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A home based business can quickly grow to one with one or more employees and a mum who took on a business venture to work for herself at home can suddenly find herself as an employer with responsibilities towards a workforce.
A home based business can quickly grow to one with one or more employees and a mum who took on a business venture to work for herself at home can suddenly find herself as an employer with responsibilities towards a workforce. This sounds quite scary but is largely a matter of commonsense, although before employing anyone who is not an immediate family member there are a few basics to attend to, such as taking out employers’ liability insurance and issuing a contract of employment. Taking legal advice is a good idea at this point as there are many small areas of employment law which only apply to certain areas and these must be adhered to – as in all legal matters, ignorance is no defence.
As anyone giving business law advice will tell you, employees and employers have responsibilities towards each other – it is very definitely a two way street. The employee must give a good day’s work and also have regard for the safety of their colleagues and the good name and safety of their employer. There may also be a confidentiality clause, or certain other conditions individual to the kind of employment which have to be addressed separately according to the need. Employers have responsibilities which are perhaps more numerous. They have to ensure that their employees are safe when they are working according to the training they have received. The employee undertakes to do their job in the manner which keeps them and their colleagues safe and if they don’t, the employer is not held responsible. It is obviously sensible as an employer, therefore, to make sure that training is given to every new employee. Cascading training is effective, but you must make sure that everyone knows what they are doing.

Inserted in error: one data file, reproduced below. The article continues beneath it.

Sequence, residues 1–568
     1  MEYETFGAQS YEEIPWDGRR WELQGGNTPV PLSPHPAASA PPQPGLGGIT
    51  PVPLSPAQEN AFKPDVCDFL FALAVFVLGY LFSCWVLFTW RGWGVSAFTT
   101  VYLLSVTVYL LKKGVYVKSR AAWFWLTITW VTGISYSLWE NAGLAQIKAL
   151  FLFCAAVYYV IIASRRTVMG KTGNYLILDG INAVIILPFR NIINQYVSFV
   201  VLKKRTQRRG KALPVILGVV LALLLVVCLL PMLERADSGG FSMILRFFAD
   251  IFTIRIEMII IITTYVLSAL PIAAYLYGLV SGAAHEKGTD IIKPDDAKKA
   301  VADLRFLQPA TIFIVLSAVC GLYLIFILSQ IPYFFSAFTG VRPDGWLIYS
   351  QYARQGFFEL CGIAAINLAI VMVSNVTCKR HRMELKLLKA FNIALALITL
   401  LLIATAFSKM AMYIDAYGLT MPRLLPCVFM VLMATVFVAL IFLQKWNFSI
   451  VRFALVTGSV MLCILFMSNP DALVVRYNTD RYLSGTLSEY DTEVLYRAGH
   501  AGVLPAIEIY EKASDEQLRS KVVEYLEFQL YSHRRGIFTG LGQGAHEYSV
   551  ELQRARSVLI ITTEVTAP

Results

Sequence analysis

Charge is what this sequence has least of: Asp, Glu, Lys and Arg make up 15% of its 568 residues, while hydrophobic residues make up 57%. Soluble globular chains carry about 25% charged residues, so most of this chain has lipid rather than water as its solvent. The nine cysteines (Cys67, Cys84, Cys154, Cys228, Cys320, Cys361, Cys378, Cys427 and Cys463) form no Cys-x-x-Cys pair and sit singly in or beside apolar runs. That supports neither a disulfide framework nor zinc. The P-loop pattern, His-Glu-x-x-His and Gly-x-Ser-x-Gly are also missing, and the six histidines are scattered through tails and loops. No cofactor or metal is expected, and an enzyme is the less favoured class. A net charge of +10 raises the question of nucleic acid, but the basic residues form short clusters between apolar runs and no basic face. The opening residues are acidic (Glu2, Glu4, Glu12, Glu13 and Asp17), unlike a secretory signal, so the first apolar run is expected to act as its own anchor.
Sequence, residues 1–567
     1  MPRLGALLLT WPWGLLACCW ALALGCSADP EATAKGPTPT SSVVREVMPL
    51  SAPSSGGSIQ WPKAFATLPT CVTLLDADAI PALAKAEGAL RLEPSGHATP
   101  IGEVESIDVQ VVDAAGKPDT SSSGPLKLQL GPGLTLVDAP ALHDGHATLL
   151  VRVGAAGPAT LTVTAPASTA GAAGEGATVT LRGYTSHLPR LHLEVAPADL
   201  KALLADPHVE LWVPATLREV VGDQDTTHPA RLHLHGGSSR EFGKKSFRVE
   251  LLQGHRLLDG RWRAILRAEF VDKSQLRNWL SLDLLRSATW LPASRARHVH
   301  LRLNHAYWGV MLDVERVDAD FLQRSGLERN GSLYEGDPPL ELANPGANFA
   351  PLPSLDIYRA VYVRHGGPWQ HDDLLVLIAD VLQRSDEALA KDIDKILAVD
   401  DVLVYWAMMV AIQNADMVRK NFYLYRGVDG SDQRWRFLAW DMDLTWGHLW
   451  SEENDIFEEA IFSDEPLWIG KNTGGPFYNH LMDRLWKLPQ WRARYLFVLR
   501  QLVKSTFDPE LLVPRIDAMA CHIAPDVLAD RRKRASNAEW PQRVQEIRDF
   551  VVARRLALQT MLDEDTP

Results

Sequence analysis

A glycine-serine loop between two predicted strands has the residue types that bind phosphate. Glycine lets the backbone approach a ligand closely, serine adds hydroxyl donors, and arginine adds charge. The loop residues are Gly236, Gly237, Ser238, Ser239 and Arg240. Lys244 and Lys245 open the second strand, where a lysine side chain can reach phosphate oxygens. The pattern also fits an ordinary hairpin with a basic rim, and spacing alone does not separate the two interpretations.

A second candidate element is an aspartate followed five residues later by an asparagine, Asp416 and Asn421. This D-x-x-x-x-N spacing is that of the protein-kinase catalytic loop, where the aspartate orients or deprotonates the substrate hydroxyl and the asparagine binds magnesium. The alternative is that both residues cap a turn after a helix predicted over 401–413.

From a financial point of view, an employer must pay tax and national insurance contributions on behalf of their employees. There are severe penalties if this is not done – tax taken from pay is not money that the business can ‘borrow’ until it pays the HMRC, so if it is not available to be paid on time, the company director or the sole trader owner has committed a serious offence. Holidays and lunch and coffee/tea breaks are a statutory right and employers are not allowed to permit employees to go without them – pay in lieu of annual leave in particular is not allowed. Annual leave is for the health and wellbeing of the member of staff and cannot be dispensed with.
If your employees work, like yourself, from home, health and safety requirements are difficult to keep a check on, but nevertheless the employee must be made aware of them. If you have a fairly comprehensive contract of employment drawn up by an expert, there will be clauses covering breaks in the day, especially if the person is using a computer screen, and advice on how to prevent problems such as repetitive strain injury and deep vein thrombosis. Essentially, a good employer cares about the health and wellbeing of their employees and if this is always borne in mind, everything should work fine.